Das Leo Baeck Institut hält die Geschichte und Kultur des deutschsprachigen Judentums lebendig.
Judging a book by its cover
Marking 25 Years of the Washington Principles – Restitution of Nazi-Looted Art
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A Discussion of Three German-Jewish Diasporas
Through the 1930s, Jews fled Germany, and then Austria, seeking a safe haven as Nazi persecution intensified. In this program, we will look at three cities of refuge, and neighborhoods within these cities that were focal points of settlement (Rehavia in Jerusalem, Washington Heights in New York, and Hampstead/Swiss Cottage in London in particular) for the new arrivals. Speaking with two authors on the subject of German-Jewish diasporic communities, we will compare and contrast how the refugees started new lives, how they were received by their neighbors (both Jewish and non-Jewish), and how their identities transformed, from being German and Austrian to American, British, and Israeli. In what ways were the experiences in each location similar, and in what ways were they different?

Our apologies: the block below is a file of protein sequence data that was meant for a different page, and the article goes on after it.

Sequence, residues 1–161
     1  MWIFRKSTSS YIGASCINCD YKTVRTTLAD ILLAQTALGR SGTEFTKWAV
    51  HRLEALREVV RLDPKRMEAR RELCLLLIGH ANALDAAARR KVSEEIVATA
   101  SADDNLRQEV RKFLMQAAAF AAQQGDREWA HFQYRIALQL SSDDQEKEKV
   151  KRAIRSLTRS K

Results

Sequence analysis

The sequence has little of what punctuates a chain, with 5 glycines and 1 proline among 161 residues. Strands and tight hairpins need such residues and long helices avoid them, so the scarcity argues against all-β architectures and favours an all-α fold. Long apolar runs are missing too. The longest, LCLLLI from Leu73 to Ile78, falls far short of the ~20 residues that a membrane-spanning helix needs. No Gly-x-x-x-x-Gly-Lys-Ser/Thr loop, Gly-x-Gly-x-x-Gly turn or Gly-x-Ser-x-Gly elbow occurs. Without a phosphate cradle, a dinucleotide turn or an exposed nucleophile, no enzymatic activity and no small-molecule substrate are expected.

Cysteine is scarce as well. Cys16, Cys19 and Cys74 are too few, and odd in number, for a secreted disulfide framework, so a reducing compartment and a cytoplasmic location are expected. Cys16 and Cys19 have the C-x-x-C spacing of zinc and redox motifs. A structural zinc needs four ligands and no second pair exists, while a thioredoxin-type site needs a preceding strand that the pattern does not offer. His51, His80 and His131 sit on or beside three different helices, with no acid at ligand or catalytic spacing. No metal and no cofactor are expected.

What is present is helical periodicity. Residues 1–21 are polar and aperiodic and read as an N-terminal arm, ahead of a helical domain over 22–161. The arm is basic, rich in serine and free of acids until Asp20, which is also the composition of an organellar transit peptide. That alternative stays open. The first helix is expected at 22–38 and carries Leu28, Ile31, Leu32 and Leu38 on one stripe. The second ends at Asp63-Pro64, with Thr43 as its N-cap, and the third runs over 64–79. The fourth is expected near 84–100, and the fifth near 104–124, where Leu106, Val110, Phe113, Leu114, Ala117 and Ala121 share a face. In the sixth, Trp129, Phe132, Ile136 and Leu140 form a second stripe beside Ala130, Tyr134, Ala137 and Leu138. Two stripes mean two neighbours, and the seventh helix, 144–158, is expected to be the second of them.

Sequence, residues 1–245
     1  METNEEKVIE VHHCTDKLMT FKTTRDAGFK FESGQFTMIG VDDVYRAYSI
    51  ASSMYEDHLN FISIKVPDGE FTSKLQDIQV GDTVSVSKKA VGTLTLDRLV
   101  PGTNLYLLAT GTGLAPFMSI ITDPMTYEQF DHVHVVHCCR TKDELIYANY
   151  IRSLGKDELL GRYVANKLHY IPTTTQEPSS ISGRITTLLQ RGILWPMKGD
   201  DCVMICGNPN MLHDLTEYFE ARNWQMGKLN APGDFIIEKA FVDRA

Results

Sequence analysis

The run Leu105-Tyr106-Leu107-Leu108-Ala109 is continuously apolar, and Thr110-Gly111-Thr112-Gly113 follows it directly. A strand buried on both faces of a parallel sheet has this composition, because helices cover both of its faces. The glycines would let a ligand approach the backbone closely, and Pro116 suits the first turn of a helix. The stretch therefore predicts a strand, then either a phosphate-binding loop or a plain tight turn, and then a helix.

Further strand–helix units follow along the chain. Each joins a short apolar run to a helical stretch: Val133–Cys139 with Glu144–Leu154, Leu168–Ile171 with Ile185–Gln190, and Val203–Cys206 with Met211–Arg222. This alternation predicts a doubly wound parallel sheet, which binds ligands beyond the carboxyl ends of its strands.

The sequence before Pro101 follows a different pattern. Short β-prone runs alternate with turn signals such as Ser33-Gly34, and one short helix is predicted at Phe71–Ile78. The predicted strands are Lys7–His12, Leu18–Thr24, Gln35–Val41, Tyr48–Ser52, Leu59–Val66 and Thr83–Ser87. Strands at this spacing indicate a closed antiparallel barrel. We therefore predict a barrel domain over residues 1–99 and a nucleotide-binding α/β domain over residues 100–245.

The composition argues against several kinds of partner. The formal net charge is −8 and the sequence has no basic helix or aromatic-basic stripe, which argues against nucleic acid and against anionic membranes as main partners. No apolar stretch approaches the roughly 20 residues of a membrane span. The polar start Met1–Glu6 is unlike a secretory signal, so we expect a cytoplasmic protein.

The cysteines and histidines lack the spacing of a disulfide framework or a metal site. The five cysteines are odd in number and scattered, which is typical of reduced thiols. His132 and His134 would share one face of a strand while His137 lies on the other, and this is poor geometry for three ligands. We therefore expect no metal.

This discussion compliments our current exhibit, Refuge in the Heights: the Jews of Washington Heights. You can view the exhibit virtually via the link on the right side of this page.
Lori Gemeiner Bihler is the granddaughter of German-Jewish refugees who settled in Washington Heights and an Associate Professor of History at Framingham State University in Massachusetts. She is the author of Cities of Refuge: German Jews in London and New York, 1935-1945 (SUNY Press, 2018) and a past recipient of the LBI/DAAD Research Fellowship.
Thomas Sparr is a Publisher-at-Large for the German publisher Suhrkamp and former chief editor at Siedler. For many years, he worked at the Hebrew University and Leo Baeck Institute in Jerusalem. He is the author of German Jerusalem: The Remarkable Life of a German-Jewish Neighborhood in the Holy City, which came out in English in June of 2021.